Friday, March 21, 2008

Charity Donors are Happier than Stingy People

This piece from today's Chronicle of Philanthropy web site says it all:

March 21, 2008

Charity Donors Are Happier Than Stingy People, New Research Finds

People who give away money are happier than those who do not, according to new research published today in the journal Science.

Elizabeth W. Dunn, an assistant professor of psychology at the University of British Columbia, in Vancouver, started her experiment by trying to prove the ways in which accumulating money led to more happiness. She and two colleagues surveyed 632 Americans, asking about their level of happiness, personal spending habits, and how much they donate to charity, reports Forbes.

Ms. Dunn found that while people tend to think that spending money on themselves rather than giving it away will make them happier, the opposite turns out to be true. The researchers used a variety of settings and tactics to test the hypothesis that giving away money leads to more happiness, and the results held — whether on a college campus and in a corporate setting.

Friday, March 14, 2008

New film about the income gap

I heard an interesting piece on NPR this morning about a new documentary film by Jamie Johnson, young heir to the Johnson & Johnson fortune. His new film is called "The One Percent," and it focuses on the concentration of wealth in the U.S. among a smaller and smaller group of families. I really liked his last documentary, which was about young heirs like him and their attitudes towards money, the world of work, etc. Check out the interview on NPR's web site.

Monday, March 10, 2008

Unmarried Women Give More to Charity than Unmarried Men

The web site of the Association of Fundraising Professionals reports the following: "Unmarried women contribute more to charity on average in every income category as compared to unmarried men, according to the Center on Wealth and Philanthropy at Boston College University."

While households headed by unmarried men gave an equal amount to charity as households headed by unmarried women, "female-headed households earned just 71 percent of the income and owned only 55 percent of the net worth of male-headed households. Controlling for income, unmarried women gave slightly more than unmarried men at lower income levels, with the disparity growing wider as income levels rose." For example, in households earning more than $200,000, unmarried men donated an average of $6,526, and unmarried women donated an average of $28,171.

This should tell fundraisers something about where they should concentrate their efforts! Particularly because "there were 31 million households headed by unmarried women in the U.S. in 2004, compared to just 17 million households headed by unmarried men. On aggregate, giving by unmarried females exceeded $23 billion while giving by unmarried males reached just $12 billion."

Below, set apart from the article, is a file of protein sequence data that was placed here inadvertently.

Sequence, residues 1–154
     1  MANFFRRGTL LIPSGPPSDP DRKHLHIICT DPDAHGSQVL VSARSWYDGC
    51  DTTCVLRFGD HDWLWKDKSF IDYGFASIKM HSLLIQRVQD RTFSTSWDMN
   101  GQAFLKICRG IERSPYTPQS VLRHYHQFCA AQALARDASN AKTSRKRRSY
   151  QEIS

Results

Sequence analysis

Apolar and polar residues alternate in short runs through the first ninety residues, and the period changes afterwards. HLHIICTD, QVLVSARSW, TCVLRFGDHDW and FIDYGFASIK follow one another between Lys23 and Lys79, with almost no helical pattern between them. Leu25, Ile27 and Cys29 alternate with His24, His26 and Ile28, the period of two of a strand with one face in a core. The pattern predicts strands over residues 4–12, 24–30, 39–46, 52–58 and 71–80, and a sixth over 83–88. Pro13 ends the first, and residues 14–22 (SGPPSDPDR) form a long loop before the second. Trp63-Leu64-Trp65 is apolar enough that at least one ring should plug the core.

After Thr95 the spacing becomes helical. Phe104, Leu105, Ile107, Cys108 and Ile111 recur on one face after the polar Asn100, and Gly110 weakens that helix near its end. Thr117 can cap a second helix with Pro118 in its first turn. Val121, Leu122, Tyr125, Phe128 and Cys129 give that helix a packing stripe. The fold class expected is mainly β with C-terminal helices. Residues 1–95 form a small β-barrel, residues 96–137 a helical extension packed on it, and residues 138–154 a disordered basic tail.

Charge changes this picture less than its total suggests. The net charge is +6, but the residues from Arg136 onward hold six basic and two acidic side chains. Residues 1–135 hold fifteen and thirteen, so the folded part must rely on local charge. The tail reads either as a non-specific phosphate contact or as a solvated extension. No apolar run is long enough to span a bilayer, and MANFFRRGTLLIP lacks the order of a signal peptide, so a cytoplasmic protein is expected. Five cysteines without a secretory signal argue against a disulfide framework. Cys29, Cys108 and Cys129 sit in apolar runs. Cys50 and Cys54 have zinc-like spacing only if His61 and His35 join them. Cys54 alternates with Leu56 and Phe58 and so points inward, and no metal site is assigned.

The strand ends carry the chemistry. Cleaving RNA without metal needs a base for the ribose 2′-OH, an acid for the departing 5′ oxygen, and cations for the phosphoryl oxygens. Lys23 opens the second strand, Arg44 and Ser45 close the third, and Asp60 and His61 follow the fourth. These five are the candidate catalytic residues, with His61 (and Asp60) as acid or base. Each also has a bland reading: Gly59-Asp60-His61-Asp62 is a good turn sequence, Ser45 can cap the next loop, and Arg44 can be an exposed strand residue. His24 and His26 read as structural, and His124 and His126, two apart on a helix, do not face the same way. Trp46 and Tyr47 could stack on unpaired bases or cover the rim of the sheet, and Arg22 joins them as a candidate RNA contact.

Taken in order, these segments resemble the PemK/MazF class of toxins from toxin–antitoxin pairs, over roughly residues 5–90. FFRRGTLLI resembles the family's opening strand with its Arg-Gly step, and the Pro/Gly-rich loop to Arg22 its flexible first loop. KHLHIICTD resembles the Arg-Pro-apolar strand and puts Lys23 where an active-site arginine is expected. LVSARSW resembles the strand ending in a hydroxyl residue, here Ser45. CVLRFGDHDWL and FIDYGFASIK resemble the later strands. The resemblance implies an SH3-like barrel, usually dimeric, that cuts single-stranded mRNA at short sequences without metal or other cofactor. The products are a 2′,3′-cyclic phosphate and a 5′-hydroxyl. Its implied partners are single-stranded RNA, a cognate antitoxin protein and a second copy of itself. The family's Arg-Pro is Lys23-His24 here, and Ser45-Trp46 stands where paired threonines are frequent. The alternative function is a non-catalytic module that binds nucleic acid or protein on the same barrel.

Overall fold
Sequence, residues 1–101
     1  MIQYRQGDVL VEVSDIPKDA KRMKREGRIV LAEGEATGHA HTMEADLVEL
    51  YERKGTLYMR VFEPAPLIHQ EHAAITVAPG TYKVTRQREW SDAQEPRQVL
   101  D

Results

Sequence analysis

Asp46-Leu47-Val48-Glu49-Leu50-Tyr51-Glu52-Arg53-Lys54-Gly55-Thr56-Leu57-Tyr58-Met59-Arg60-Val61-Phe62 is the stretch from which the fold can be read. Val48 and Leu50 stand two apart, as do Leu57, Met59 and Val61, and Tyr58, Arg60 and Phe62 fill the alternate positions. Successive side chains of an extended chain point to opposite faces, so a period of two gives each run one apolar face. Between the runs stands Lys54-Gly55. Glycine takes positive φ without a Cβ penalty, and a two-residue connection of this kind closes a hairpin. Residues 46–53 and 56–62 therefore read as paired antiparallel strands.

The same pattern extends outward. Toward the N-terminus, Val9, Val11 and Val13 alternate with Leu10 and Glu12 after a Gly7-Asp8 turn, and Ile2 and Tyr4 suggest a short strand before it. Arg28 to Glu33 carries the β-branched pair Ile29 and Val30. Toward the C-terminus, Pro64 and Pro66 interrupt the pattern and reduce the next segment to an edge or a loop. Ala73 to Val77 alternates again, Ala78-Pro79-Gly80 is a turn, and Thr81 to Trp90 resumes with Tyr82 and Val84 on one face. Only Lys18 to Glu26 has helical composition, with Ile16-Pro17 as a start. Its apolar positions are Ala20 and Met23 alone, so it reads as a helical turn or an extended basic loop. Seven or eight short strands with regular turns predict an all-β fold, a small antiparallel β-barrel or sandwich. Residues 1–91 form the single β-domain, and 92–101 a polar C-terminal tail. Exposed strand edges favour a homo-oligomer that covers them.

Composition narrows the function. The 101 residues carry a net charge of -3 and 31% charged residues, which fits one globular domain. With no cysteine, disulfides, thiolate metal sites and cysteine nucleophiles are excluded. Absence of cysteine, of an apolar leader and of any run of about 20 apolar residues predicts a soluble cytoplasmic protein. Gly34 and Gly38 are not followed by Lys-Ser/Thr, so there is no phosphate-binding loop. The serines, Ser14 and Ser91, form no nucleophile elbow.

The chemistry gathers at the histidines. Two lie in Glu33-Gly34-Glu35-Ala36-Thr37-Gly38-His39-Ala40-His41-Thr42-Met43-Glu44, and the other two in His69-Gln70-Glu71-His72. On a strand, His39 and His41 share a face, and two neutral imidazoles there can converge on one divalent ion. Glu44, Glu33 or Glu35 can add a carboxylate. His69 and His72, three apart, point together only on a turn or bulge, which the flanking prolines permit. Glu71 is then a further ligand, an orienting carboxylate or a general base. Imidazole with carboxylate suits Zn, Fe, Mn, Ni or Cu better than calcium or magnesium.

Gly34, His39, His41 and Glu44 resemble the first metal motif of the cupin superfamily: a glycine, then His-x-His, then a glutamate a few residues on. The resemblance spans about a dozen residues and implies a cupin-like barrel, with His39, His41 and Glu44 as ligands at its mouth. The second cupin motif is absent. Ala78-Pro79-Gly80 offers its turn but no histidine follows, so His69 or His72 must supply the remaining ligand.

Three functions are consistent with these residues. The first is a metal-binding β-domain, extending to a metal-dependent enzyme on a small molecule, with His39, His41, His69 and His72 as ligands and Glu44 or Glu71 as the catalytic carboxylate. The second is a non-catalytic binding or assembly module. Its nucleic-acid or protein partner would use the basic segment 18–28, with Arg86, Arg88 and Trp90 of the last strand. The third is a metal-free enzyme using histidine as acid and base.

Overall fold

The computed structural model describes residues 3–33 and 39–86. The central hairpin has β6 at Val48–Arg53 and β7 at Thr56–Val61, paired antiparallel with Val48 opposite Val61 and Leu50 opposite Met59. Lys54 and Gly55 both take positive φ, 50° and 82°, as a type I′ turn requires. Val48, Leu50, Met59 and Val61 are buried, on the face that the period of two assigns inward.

Wednesday, March 05, 2008

10,000 Women

Today, Goldman Sachs announced a $100 million investment in an organization called 10,000 Women - a program that will offer business training to women entrepreneurs in developing countries around the world. What an amazing program! Through my travels in places like Uganda and India, I have personally seen the ways in which (uneducated or under-educated) women can take the most meager of resources and build small businesses to help their families and communities: from weaving tribal shawls to sell to visiting tourists, to running small home based bed&breakfasts, these women can be powerful drivers for the local economy. Some of the top business schools in the U.S. are partnering on this project.

Monday, March 03, 2008

Americans Volunteer!

One of the things that makes me proud to be an American... I just saw this in the Association of Fundraising Professionals' web site:

"(Feb. 25, 2008) The percentage of Americans who volunteer grew by 10 percent in 2007, according to a study by Thrivent Financial for Lutherans and reported in The Chronicle of Philanthropy. The survey, which polled 1,000 adults across the United States, found that 74 percent of American adults said they participated in some type of volunteer service in 2007."

I think it's pretty incredible that approximately 74% of American's volunteer! We are a nation of generous people. Now, if only our foreign aid could catch up to the rest of our giving spirit... but that's a blog post for another day...